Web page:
Cavemen excelled at drawing animals
By T.K. Randall
December 8, 2012 · 19 comments
Image Credit: Xabier Eskisabel
Early cave-dwellers were better able to depict animals in drawings than their modern counterparts.
The findings are based on a study conducted at the Eotvos University in Budapest, Hungary. Researchers compared numerous cave paintings against findings from the 1880s pertaining to the way in which four-legged animals walked. What they found was that early cave paintings depicted the correct gait far more than depictions of four-legged animals from the Renaissance and beyond. Even Leonardo Da Vinci's sketch of a horse seemed to have gotten it wrong.
The researchers concluded that their penchant for accurate observations may have been driven by survival - early man needed to master the way in which animals moved and behaved in order to hunt them whereas in modern times this would not have been as important.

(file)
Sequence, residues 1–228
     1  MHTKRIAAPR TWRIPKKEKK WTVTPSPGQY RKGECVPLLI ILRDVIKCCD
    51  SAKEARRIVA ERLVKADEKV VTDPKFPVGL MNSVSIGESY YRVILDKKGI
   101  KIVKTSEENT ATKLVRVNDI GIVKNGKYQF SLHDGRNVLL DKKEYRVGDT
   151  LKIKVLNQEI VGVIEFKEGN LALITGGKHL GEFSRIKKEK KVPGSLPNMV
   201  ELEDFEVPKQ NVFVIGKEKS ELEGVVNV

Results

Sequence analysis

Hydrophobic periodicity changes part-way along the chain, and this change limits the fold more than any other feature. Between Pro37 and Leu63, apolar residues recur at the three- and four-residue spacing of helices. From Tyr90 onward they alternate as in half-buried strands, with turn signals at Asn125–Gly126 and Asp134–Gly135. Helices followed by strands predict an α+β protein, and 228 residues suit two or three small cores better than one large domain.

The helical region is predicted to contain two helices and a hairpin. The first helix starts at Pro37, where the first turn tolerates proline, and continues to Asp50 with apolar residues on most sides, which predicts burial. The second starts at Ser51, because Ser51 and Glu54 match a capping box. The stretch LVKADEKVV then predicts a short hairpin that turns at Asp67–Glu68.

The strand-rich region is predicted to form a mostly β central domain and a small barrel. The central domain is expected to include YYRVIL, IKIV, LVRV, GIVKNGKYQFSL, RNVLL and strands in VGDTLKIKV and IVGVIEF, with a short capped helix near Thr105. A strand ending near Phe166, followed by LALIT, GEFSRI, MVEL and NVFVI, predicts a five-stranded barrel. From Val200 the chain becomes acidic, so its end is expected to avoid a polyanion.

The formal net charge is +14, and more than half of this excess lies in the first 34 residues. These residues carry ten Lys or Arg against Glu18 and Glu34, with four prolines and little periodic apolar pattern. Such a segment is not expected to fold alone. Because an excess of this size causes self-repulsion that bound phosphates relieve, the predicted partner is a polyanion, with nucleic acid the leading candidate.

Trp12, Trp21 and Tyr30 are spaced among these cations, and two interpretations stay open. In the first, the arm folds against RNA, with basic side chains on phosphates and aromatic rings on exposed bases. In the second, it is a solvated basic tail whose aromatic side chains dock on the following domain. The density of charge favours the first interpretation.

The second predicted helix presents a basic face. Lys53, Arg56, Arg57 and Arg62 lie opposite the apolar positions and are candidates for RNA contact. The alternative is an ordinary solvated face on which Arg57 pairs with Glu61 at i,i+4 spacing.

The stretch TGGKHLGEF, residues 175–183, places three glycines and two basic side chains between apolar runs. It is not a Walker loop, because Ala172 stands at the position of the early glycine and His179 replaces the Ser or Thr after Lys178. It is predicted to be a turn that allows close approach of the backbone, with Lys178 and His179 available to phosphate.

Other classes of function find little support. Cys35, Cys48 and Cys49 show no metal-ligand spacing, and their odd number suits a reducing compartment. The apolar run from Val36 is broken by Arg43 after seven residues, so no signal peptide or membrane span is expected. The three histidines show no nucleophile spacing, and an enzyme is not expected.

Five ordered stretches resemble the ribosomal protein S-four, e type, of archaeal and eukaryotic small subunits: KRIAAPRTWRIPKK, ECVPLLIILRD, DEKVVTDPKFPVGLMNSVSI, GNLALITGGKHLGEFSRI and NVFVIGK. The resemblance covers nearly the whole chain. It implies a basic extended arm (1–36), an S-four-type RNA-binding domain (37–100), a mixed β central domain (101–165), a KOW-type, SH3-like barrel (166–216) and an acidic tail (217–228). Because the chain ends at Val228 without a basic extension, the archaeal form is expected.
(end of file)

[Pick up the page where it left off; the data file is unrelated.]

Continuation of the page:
Of the 39 ancient cave paintings depicting the motion of four-legged animals that were considered in the study, 21 nailed the sequence correctly, a success rate of 53. 8%.
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